Tuesday, June 22, 2010

Bloomin' Tuesday

Click on the Marigold to go to Jean's blog and Bloomin' Tuesday.

The marigolds in the greenhouse are getting big. These blooms are 3-4 inches across.

The greenhouse violas are sprawling. I know it's too warm for them but I can't bear to say goodbye to these plants. I tried to kill them without success this past fall and they sprung up in the greenhouse in February after freezing temperatures and months without water. The faces are getting a bit bleached in the afternoon sun.

This is a whatchamacallit. It's a perennial of some sort and one of the only perennials that is blooming outdoors. It looks like we won't see much excitement in the perennial flower bed until next year.

I've got a couple baskets of geranium that are basking in the heat of the greenhouse. These really brightened up the place and made it look a lot less utilitarian.

Monday, June 21, 2010

Harvest Monday

Today's harvest included about 1.5 pounds of tomatoes and a 1/2 pound of peppers.

I sliced the tomatoes into 1/4 inch chunks and coated them with a little bit of olive oil, salt, pepper and some herbs from the garden. I left them in the food dehydrator for half the day and ended up with "sun-dried tomatoes".

I made the peppers into a hot garlic-pepper jam. We used it to glaze some chicken breasts tonight. What was left of the tomatoes after I snacked on them went into a pilaf. I'm really looking forward to the middle of summer when we have a major surplus of tomatoes and I can make a couple batches of sun-dried tomatoes.

You can finally see a bit of green from my roof-top pictures. Before I got in the garden and weeded for a couple hours today there was a lot more green. We decided to put down some landscape fabric on the edges of the garden as the grass and invasive weeds on the property were starting to encroach on our garden. This next weekend we'll cover the fabric with mulch.

Our potatoes were almost 8 inches tall before I raked back some soil on to them. Apparently planting the potatoes in trenches and then gradually raking the soil back onto the growing plants increases production. Forgive the wonky rows, the dogs dug in the garden a couple times before it was truly puppy-proof.

My favorite bed of the garden includes fava beans (foreground), soybeans and corn. Our corn was getting devoured by birds and we strung cut up pieces of cans across the corn. This has deterred the birds quite well.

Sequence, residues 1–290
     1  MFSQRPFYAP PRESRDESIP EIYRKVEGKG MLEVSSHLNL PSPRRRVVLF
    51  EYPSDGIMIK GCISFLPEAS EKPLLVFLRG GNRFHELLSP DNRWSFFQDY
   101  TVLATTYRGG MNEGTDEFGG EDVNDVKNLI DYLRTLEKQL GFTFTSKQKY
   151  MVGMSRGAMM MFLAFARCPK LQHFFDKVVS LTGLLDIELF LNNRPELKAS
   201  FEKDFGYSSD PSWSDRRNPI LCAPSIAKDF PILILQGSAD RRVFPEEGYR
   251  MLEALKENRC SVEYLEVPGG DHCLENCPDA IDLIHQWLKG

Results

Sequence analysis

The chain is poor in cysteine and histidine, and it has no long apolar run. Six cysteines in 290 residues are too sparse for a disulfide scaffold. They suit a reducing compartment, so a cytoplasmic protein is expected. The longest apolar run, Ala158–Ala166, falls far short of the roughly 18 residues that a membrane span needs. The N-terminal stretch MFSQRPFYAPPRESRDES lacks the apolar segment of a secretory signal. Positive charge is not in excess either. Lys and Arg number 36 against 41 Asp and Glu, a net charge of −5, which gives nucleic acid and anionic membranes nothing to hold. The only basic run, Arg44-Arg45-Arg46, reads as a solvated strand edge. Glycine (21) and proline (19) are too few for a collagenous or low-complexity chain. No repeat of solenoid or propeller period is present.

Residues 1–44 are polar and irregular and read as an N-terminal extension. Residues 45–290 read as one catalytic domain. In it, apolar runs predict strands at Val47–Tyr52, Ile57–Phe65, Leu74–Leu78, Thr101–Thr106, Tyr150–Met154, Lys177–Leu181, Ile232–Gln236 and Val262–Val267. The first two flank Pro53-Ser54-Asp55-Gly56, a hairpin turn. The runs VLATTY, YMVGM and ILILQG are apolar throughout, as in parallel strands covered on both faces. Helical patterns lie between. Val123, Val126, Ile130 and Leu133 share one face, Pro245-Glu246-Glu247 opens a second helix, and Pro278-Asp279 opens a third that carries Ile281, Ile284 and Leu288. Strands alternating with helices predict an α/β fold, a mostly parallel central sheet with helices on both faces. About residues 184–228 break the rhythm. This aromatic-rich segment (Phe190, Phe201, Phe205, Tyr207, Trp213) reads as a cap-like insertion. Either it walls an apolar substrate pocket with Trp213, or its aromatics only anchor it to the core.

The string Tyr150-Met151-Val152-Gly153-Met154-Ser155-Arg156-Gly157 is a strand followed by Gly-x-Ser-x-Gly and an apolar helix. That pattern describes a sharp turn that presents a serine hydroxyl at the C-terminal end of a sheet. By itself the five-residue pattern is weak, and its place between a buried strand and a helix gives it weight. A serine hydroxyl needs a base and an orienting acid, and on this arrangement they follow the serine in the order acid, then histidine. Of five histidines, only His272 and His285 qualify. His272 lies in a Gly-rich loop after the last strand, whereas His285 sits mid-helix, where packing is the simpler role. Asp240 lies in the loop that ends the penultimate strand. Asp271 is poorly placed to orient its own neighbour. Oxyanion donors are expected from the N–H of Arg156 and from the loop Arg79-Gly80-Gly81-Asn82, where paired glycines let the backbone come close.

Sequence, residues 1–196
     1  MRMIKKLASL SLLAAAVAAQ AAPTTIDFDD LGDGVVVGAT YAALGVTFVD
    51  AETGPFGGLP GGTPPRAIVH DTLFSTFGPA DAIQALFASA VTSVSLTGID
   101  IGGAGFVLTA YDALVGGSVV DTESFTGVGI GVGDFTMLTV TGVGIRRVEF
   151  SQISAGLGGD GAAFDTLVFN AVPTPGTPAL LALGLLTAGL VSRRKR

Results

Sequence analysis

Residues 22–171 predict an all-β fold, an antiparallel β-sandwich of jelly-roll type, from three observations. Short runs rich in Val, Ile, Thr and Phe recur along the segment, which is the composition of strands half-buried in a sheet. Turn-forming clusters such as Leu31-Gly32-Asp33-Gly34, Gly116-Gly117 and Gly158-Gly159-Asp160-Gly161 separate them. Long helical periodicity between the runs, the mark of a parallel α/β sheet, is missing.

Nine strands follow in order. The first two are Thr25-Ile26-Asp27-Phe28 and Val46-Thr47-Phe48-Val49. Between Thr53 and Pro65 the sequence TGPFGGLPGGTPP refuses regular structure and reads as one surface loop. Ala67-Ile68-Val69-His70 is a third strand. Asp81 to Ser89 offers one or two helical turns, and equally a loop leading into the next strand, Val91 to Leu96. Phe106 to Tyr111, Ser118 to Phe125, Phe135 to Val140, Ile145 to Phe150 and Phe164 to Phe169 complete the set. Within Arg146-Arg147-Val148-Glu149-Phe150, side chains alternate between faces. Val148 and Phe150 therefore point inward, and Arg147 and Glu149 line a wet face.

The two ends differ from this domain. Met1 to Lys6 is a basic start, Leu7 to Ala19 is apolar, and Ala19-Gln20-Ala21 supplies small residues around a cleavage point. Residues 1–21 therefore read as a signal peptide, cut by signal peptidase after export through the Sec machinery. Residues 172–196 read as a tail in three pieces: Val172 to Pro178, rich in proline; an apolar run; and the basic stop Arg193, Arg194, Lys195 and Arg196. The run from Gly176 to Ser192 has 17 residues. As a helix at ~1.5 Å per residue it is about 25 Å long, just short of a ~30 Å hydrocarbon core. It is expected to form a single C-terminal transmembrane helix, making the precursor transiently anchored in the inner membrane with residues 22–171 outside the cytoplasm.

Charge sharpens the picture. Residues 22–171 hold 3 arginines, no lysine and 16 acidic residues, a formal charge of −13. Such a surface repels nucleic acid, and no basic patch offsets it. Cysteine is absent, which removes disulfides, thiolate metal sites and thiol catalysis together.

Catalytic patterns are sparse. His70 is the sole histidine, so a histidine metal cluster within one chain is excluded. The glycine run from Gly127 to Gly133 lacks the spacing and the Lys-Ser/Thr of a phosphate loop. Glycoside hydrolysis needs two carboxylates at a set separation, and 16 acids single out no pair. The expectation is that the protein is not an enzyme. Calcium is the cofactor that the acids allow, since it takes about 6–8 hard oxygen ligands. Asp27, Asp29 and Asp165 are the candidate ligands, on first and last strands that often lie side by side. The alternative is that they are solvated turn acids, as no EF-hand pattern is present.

Tuesday, June 15, 2010

Rasta Pasta

Tonight's harvest resulted in what I am now calling Rasta Pasta. 1 lb 8 oz of tomatoes, 7 oz of peppers.

Added this to some Italian Sausage and Pasta. Yum!

Friday, June 11, 2010

Late Spring Indoor Gardening

Our monster tomato plants are taking over the solarium. This picture was taken about 3 weeks ago after our first harvest of ripe tomatoes. I was so excited to have ripe home grown tomatoes this early in the season that I only remembered pictures after we'd eaten the tomatoes.

We've probably harvested 4-5 pounds of tomatoes so far starting about 3 weeks ago. I think next year we can move this up a month and have ripe tomatoes from the indoor plants in mid April by starting tomatoes January 1st indoors. (This year we started plants February 1st.)

Our mandarinquat, lime and lemon are developing larger fruit and are growing more leaves. How long until these are ready? I'm already planning on making some marmalade.

Here is a cayenne pepper from the solarium with a quarter for scale. I couldn't wait to harvest this sucker and figured it would be pretty mild. When I taste-tested this pepper I ended up having to drink milk for half an hour my mouth was burning so bad. Note: Cayenne peppers do not have to turn red to set your mouth on fire. We're planning on drying and grinding these peppers for our own cayenne powder.

Now on to the greenhouse... The tomatoes are enormous. We've pruned them several times and they're still pretty big. We haven't gotten any ripe tomatoes out of the greenhouse, but have full grown green tomatoes that are starting to ripen. I don't think we could speed this up much next year. So far, the time that we planted this year seemed pretty ideal (Started seeds in February, transplanted in April). Currently I am starting new tomato plants to replace these ones and the ones in the greenhouse mid-summer. I'm guessing in a month or two they'll start to wear out and get too gangly for us. Hopefully this year we'll have ripe tomatoes from mid-May to late fall. Every house should have a solarium and greenhouse.

This is a spaghetti squash growing in the greenhouse. Apparently, some years in Montana the summer is too short to grow these outdoors. To hedge our bets, we're growing melons, and winter squash in the greenhouse along with tomatoes, peppers, onions and basil. Next year I might add okra and eggplants to the mix.